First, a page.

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Great ideas: unintended consequences

By Henry Lamb
web posted July 14, 2008

It sounded like such a great idea: a minimum wage for all workers – enforced by the government.  During his first 100 days in the White House, President Franklin Roosevelt and a Democrat-controlled Congress enacted the Industrial Recovery Act, which established the minimum wage and guaranteed labor unions the right of collective bargaining.  They enacted the Agricultural Adjustment Act, which started farm subsidies.  Social Security, including unemployment insurance, was added in 1935.  These were seen to be wonderful solutions to the effects of the great depression of the 1930s.

It sounded like such a great idea: a safe work place for all workers – enforced by the government.  Republican president Richard Nixon introduced the Occupational Safety and Health Act of 1970, which Congress quickly enacted.  This law was designed to protect all workers from harm in the work place.

It sounded like such a great idea: an environmental impact analysis before land could be developed– approved and enforced by the government.  The National Environmental Policy Act sailed through Congress in 1970 putting government in charge of specifying how, and if, private land could be developed.

It sounded like such a great idea for government to retain one-third of the nation's land for the federal government, rather than to continue disposing of the land to state and private interests.  By keeping the land, the federal government could manage the land's resources and earn needed revenue by charging private interests royalties for the use of the resources.

It sounded like such a great idea: no net loss of wetlands – enforced by the government.  Republican President George H.W. Bush established this policy that required private land owners to set aside an equal or greater area of land to compensate for any wetland that development might affect.

These and many, many more similar "great ideas" are the reasons why the economy is in a downward spiral, why jobs have been flushed into foreign countries, and why factories are standing idle in every state in the nation.

The simple fact is that American producers are constrained by "great ideas" such as these; and producers in other countries are not. 

James Copland, chairman of Copland Industries and Copland Fabrics of Burlington, N.C., says that curtains imported from China sell at retail for less than his cost of materials.  How can this be?  The Chinese companies are not forced to pay a minimum wage; they are not forced to pay overtime; they are not forced to pay for unemployment insurance. They are not required to spend years and millions of dollars on Environmental Impact Statements, or comply with OSHA standards.  Consequently, Copland says, nearly 80-percent of the fabric industry has moved offshore.

What a dilemma!  Americans love all the "great ideas" Congress has enacted over the years.   Americans also love the low prices of imported merchandise.  But they hate the fact that jobs are flowing off shore, to countries that enforce no "great ideas" that drive up production costs.

America cannot force her trading partners to impose on their manufacturers, all of America's "great ideas," with their attendant increases in production costs.  America is not about to abandon all the "great ideas" enacted by Congress.  Consequently, American manufacturers cannot compete in America, so nearly 80-percent of the fabric industry has moved off shore.  This same situation applies to furniture, steel products, electronics, and almost everything else. The absence of standards on imported goods has flooded America with inexpensive merchandise that all too often includes toxic food, toys, pet food and other products.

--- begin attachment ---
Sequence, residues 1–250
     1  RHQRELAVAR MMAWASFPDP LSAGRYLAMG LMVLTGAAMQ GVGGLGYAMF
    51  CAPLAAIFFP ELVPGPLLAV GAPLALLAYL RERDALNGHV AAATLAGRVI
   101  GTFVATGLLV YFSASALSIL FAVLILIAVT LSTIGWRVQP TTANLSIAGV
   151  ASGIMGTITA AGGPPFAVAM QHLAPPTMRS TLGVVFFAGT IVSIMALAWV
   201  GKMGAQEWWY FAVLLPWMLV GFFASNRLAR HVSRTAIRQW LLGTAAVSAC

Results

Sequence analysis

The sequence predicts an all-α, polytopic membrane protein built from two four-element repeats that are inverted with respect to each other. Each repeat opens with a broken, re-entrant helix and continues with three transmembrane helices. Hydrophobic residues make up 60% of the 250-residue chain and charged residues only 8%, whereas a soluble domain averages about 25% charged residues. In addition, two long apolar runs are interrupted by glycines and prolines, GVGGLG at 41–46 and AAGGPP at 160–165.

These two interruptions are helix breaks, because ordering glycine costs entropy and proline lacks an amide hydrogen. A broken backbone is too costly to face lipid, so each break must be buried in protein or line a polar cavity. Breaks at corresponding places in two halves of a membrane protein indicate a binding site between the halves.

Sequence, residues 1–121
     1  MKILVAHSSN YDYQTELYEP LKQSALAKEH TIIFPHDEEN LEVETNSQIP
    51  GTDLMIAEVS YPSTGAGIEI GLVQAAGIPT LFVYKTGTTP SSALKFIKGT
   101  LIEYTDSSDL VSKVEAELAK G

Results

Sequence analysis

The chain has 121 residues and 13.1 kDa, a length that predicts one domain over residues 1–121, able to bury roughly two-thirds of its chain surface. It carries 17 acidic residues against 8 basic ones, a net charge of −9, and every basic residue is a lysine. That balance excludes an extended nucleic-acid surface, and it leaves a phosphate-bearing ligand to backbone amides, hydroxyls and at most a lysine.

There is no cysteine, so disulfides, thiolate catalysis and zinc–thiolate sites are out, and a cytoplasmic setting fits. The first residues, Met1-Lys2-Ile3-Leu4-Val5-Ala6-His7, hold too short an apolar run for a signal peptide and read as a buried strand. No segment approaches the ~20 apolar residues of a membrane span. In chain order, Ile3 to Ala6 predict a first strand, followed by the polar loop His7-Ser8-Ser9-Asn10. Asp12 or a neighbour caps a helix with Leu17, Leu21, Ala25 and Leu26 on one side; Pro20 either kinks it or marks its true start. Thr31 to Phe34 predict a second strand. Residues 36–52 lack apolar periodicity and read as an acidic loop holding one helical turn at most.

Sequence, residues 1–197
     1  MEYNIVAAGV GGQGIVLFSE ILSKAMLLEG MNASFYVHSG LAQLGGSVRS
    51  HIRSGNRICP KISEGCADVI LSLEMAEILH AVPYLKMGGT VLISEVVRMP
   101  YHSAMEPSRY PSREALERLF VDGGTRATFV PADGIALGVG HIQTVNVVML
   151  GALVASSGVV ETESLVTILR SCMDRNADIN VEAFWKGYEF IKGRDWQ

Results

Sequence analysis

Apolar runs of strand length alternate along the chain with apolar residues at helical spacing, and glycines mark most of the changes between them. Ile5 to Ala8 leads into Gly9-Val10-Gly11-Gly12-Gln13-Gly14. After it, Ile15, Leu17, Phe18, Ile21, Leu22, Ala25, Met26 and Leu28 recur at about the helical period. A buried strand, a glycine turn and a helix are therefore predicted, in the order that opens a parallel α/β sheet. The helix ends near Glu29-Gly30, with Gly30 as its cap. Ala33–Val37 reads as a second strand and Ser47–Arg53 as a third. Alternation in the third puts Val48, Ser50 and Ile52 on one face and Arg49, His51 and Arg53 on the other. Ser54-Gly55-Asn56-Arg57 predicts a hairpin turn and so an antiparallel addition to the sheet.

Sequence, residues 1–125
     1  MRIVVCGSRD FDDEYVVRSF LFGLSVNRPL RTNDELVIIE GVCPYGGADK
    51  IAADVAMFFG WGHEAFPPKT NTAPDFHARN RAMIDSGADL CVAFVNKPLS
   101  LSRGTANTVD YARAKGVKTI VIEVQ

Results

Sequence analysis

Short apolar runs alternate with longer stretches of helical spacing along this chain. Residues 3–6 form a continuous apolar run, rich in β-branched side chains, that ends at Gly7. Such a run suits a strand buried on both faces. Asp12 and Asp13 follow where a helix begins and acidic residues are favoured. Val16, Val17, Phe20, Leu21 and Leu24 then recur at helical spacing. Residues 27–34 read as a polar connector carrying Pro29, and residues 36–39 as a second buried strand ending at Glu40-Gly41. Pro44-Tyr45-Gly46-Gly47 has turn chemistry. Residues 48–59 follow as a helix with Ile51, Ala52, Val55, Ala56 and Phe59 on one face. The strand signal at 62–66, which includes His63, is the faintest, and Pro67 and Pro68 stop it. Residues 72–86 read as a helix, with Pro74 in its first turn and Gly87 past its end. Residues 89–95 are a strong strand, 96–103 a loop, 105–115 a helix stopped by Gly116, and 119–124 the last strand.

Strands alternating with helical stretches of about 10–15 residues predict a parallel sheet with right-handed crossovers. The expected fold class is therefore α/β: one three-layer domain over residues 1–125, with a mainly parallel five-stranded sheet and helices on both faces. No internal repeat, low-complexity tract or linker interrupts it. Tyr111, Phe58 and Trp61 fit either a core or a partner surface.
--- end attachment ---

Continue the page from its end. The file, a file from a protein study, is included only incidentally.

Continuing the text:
The underlying problem is this: what politicians call "free trade," is not free trade at all.   It is managed trade.  The government "manages" and manipulates domestic production costs through the enforcement of all the "great ideas" it has imposed.

The so-called "free trade" agreements, such as NAFTA, CAFTA, and others, exacerbate this problem by opening the American market to foreign goods without requiring foreign producers to meet American production standards that include all these "great ideas" American producers are required to meet.

This process of globalization is great for China, India, Mexico, and the other developing nations that flood our markets with their goods.  But as the economic tide rises in these nations, it ebbs in the United States. 

The economy has become the top issue in the upcoming elections.  McCain wants to expand the NAFTA "free trade" model; Obama wants to renegotiate NAFTA.  Neither will solve the problem because they treat only the symptoms of the real problem.  The real problem, of course, is excessive government intervention in the market to achieve social objectives.  Both candidates embrace the flawed notion that government's job is to manage markets, and the affairs of its citizens. 

This backward thinking can only continue to destroy the wealth-making machinery that must continue to move to other nations – or simply shut down operations. ESR

Henry Lamb is the executive vice president of the Environmental Conservation Organization (ECO), and chairman of Sovereignty International.

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